Four children disappear daily in Mexico
Since 2000, there are 7,000 cases od missing minors – Photo: Luis García Soto/EL UNIVERSAL

Four children disappear daily in Mexico

23/11/2019
09:16
Alexis Ortiz
Mexico City
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In Mexico, since 2000, there have been 7,000 cases of missing minors and 21,000 have been murdered

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The Children’s Rights Network in Mexico (REDIM) asserted that in our country, four children and adolescents disappear daily, in addition to three others murdered each day.

On the framework of the 30 anniversary of the creation of the Convention on Children’s Rights, the NGO said that this has been caused by the militarization of public security and because authorities have not implemented legislation to protect minors.

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Redim expressed that since 2000 there have been 7,000 cases of missing minors and 21,000 have been murdered.

“Although 39.8 million children and teenagers from 0 to 17 years old live in the country (…) they don’t receive equal treatment. Investment in childhood doesn’t exceed eight points of the gross domestic product. The Mexican government has ignored the different international suggestions to face the institutional crisis of human rights lived in national territory,” said Redim in a press release.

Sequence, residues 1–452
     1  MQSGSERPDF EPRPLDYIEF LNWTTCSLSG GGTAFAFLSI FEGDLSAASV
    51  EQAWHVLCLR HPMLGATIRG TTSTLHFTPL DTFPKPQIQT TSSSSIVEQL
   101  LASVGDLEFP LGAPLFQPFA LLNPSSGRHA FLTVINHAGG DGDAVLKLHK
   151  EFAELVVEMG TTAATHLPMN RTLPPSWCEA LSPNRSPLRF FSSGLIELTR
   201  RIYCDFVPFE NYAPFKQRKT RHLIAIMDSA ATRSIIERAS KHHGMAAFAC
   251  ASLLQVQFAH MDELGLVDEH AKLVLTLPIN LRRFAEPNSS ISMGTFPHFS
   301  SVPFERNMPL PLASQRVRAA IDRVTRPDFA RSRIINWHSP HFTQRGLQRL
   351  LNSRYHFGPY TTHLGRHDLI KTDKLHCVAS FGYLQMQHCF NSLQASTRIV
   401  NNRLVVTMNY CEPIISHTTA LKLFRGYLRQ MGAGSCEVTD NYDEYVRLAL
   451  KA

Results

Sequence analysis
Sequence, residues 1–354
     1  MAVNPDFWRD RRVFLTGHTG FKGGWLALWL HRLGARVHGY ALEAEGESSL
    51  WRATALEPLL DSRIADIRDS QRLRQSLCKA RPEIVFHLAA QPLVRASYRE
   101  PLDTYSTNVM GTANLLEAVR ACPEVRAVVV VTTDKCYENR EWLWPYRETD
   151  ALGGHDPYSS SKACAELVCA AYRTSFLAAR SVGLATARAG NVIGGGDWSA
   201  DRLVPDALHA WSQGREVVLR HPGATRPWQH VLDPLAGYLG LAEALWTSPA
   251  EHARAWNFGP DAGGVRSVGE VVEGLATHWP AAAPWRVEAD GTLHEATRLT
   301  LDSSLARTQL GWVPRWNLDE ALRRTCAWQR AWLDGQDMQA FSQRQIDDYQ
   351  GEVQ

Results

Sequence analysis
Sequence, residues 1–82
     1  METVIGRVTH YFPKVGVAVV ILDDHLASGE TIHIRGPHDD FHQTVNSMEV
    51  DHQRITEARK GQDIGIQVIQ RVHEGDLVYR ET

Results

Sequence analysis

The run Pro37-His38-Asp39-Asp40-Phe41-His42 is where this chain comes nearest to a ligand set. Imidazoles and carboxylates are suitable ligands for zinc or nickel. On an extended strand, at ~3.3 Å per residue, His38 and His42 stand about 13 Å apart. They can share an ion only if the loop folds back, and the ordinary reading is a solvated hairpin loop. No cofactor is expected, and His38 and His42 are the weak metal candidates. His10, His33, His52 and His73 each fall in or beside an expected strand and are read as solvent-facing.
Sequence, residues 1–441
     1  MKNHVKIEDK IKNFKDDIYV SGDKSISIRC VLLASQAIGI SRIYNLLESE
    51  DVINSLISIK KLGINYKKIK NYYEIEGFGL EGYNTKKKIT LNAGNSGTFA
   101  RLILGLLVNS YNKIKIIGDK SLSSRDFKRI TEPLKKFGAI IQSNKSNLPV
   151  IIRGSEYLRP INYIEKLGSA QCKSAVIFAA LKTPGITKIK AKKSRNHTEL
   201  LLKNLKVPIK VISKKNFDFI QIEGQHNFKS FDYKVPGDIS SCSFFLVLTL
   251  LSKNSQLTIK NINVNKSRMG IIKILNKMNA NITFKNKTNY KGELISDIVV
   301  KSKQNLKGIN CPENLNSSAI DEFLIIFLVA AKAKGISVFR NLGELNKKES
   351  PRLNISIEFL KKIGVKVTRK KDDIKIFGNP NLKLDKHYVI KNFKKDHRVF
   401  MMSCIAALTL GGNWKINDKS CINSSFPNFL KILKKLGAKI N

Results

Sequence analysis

In addition, it criticized that the administration of Andrés Manuel López Obrador is still “denying the human rights crisis” of young people, which prevents their attention.

The National Commission of Human Rights (CNDH) made a statement on the issue and urged to eliminate any kind of violence against this sector of the population.

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“The violation of children and adolescents rights is not inevitable, but much depends on the laws and rules to be implemented, for there to be specific protection policies and of the communication and promotion of those laws and policies; all in all, it is about changing a whole culture and to create awareness in the society from families to communities,” said the institution.

The CNDH listed the wrongs suffered by minors: increase of health problems due to environmental pollution; obesity and discrimination; human trafficking; disappearance; sexual and work exploitation; and the homicides caused by the presence of organized crime.

“On the 30 anniversary of the inclusion of the United Nations’ Convention on Children’s Rights, this National Commission highlights that Mexico has a cutting-edge regulatory framework in terms of childhood and adolescence and, nevertheless, the main problem lies in the lack of compliance and this, in a lack of fulfillment of rights,” concluded the CNDH.

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